Hidden away deep in Bald Eagle State Forest, you’ll find one of my favorite historic railroad tunnels in the Alleghenies: Poe Paddy Tunnel.
Poe Paddy Tunnel can be found a short distance from Poe Paddy State Park within the Penns Creek Wild Area of Bald Eagle State Forest. The tunnel actually crosses county lines with the most accessible end being in Centre County and the opposite side being in Mifflin County.
While it can take a bit of time to drive to this area, it is easily accessible via a short and flat walk from the closest parking area, which makes it a really neat spot to visit even if you don’t want to go for a long hike.
However, for those that are looking for a bit more of an adventure, this tunnel is located along the Penn’s Creek Rail Trail, which runs congruent with the Mid State Trail for 2.5 miles to the east beyond the tunnel.
There is also a section of the Penn’s Creek Rail Trail that is just over five miles in length to the west. Unfortunately, though, there is a bridge connection missing over the creek so these two sections aren’t connected (The other section contains the equally fabulous Coburn Tunnel.)
These two sections of old rail bed were initially built by the Lewisburg, Centre and Spruce Creek Railroad in 1877. The line was owned by several companies and in use until it was abandoned in 1970.
Over the years, the Poe Paddy Tunnel became a destination despite not being on any official trail. And, in 2013, the tunnel was closed for long-needed repairs, reopening to the public in 2015.
How to Get to Poe Paddy Tunnel
The Poe Paddy Tunnel is located along the northern edge of Bald Eagle State Forest and is only a short distance from Poe Paddy State Park.
The closest parking area for the tunnel can be found along Tunnel Spur Road in Centre County at the following coordinates: 40.837580, -77.408815. You can also use the following address, which is located just before the parking area: 192 Tunnel Spur Rd, Woodward, PA 16882.
There is no actual parking lot here, but there is room to pull off the road near the sign pictured just above.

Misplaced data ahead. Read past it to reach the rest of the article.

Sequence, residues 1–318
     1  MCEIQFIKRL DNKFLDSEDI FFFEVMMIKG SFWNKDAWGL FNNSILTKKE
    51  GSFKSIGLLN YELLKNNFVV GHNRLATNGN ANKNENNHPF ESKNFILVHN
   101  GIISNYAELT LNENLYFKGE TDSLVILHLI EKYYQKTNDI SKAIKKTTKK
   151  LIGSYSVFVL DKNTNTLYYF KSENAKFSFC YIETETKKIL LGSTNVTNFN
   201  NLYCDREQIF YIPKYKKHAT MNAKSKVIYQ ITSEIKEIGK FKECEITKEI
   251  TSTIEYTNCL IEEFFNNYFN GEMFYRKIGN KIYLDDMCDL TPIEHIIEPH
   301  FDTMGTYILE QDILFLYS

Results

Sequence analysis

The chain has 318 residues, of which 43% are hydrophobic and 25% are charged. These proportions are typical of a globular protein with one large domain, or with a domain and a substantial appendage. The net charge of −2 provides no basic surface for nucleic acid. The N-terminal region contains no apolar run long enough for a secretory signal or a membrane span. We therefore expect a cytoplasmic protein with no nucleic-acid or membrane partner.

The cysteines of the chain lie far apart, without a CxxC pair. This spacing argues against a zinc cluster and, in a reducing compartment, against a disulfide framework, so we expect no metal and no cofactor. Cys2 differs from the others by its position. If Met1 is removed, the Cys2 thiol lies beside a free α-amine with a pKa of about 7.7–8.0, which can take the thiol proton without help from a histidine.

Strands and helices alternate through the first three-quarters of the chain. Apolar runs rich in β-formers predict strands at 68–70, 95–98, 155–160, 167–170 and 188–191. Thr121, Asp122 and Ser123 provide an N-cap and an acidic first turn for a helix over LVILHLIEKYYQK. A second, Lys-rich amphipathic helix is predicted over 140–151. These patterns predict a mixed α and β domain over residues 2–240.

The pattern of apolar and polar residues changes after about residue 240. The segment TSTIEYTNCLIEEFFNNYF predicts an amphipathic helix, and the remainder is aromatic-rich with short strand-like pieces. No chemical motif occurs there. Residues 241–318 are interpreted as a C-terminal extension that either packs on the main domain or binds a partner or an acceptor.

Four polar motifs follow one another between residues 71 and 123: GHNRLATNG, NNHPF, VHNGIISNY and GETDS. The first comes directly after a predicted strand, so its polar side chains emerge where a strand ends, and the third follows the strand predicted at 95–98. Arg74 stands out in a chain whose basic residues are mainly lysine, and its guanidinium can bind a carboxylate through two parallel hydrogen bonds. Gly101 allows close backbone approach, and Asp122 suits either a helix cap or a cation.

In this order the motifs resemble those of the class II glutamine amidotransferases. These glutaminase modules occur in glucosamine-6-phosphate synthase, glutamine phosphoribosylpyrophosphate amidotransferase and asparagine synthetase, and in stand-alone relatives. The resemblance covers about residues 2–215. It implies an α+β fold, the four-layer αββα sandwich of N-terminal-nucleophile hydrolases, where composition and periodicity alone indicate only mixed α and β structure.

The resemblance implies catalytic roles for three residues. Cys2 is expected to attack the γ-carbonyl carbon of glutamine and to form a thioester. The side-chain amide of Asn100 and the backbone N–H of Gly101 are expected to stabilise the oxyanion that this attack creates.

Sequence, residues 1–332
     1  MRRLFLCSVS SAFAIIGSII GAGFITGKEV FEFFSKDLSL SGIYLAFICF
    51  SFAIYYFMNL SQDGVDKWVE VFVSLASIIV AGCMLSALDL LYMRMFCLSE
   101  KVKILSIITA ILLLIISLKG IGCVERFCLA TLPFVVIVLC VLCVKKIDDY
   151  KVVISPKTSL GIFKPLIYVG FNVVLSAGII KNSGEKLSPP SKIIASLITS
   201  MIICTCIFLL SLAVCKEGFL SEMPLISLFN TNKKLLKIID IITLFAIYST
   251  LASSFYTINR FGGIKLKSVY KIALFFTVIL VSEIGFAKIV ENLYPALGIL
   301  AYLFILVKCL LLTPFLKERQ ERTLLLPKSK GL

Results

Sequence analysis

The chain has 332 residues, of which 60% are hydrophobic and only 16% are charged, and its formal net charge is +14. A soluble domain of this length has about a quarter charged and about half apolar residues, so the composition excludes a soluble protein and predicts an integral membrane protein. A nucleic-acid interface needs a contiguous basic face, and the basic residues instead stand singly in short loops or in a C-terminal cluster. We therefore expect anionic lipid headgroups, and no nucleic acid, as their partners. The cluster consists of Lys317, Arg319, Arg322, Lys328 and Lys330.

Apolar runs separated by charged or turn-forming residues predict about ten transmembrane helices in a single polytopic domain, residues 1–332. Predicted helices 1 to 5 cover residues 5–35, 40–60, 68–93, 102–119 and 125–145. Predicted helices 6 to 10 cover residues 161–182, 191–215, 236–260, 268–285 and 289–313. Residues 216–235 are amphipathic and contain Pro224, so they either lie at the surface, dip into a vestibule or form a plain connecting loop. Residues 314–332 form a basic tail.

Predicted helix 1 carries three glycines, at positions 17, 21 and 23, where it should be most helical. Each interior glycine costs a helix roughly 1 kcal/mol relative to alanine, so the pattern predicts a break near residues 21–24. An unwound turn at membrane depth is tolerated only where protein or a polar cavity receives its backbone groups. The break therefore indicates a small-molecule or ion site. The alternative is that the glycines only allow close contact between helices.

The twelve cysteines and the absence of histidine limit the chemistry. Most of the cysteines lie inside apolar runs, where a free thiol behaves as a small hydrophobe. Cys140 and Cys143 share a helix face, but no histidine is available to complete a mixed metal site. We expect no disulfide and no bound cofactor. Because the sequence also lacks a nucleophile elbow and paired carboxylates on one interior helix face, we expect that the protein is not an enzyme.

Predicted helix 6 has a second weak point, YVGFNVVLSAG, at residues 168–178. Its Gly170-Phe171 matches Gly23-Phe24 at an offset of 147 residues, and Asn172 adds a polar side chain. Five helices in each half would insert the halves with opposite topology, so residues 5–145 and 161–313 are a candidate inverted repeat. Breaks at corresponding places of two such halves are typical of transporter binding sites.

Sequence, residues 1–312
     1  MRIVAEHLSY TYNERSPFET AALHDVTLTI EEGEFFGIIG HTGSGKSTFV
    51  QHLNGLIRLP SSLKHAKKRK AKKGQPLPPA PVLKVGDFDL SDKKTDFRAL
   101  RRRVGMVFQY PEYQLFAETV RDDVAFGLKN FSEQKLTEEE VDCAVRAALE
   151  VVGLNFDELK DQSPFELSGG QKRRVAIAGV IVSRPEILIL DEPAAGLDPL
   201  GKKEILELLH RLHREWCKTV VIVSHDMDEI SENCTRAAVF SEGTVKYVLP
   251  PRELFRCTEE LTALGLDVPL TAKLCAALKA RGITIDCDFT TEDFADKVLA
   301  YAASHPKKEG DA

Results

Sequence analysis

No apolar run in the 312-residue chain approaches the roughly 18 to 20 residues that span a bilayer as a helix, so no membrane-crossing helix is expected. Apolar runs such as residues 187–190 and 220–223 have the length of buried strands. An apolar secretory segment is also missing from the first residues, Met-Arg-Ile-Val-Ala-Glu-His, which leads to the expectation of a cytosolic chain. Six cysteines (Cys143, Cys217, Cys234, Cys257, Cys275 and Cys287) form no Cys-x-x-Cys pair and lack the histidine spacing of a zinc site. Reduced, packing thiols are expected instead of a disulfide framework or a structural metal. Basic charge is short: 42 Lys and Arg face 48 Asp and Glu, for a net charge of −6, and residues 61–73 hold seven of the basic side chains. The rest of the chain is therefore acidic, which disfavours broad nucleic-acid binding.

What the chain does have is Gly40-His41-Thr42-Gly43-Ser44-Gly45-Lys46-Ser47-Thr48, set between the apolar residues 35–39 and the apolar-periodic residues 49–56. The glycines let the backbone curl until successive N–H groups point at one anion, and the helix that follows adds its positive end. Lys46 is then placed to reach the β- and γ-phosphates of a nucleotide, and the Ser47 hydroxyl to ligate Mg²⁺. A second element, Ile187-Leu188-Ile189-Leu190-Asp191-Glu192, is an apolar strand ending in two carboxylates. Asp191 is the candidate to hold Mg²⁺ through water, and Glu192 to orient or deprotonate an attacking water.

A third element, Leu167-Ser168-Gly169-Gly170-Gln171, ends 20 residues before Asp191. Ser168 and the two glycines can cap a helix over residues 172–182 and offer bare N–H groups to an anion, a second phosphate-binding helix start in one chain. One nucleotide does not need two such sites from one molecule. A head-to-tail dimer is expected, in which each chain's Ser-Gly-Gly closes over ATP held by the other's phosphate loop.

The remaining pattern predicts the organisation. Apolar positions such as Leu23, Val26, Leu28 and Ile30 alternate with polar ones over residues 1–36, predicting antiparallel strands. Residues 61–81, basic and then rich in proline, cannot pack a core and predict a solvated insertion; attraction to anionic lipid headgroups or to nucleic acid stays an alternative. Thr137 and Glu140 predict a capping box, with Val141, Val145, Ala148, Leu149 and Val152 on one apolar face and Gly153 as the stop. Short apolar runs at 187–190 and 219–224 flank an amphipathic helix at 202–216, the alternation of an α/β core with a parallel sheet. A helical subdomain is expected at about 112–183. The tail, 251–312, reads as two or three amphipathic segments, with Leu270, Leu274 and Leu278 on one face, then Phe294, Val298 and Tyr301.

It should be noted that reaching this spot requires several miles of driving on unpaved roads through the forest. As of the summer of 2022, this route was passable in a car (if you use Poe Valley Road and pass Poe Valley State Park). Access via Pine Swamp Road is not recommended for cars and access via Poe Paddy Drive (passing Penn’s View Overlook) is not recommended for any vehicle.
It’s also worth noting that these gravel roads are not maintained in the winter, so please don’t visit if it’s icy or snowy out.
From the parking area, follow the trail into the woods and away from the road. There are privately-owned cabins along the trail, so make sure to stick to the path.
After walking on this wide and flat path for a few hundred feet, you’ll come to a beautiful bridge over Penn’s Creek. This 100-foot bridge is an old railroad crossing that has been converted to carry people and bicycles over the creek.
Make sure to take a minute to stop and enjoy the incredible beauty of the stream and the mountains that surround you as this is one of the best non-overlook views in Bald Eagle State Forest in my opinion.
Beyond the bridge, the forest and hillside quickly close in, and you reach the tunnel within another minute or two of walking. All told, it’s only about a five-minute walk to the front entrance of Poe Paddy Tunnel.
The entrance that you see today is a modern construction to keep the tunnel safe for visitors and opened in 2015.
Since the entrance to Poe Paddy Tunnel is relatively small (only allowing one train and having been constricted further by the modern safety updates), the tunnel looks especially unique amidst the steep hillsides. This is definitely a different sort of sight from other abandoned tunnels in PA, such as the Abandoned Pennsylvania Turnpike.
Another unique feature of Poe Paddy Tunnel is that, because of the recent improvements, the surface of the interior of the tunnel is concrete and the walls and ceiling are made of corrugated steel. While this makes the interior not nearly as interesting as some other tunnels, it does mean that you can get by with just a cell phone’s flashlight if you are walking through the tunnel (Though a strong flashlight is definitely recommended, especially if on a bicycle).
The far end of the tunnel is a bit less than 100 yards from where you entered, though a curve in the tunnel means that the far end can’t be seen from the outside.
Interestingly, the two ends of the tunnel look quite different. On the Mifflin County side, there is a double layer of stone construction, with the upper layer likely being an original portion of the tunnel. Above the main entrance, you’ll notice some slits in the tunnel’s face that allow bats to enter and exit a totally separate area of the tunnel.
Once you’ve finished enjoying this area, you could continue walking or bicycling further on this trail (the next parking area is about 2.5 miles from the tunnel), or you can do as I’ve always done and simply turn around and head back to your car.
Because of its location deep in Bald Eagle State Forest, you’ll never just happen to find yourself very close to Poe Paddy Tunnel. However, the drive to reach this spot is quite beautiful, and if you love railroading history, this is definitely a fantastic spot to check out.
[Click here for information on how to use the coordinates in this article to find your destination.]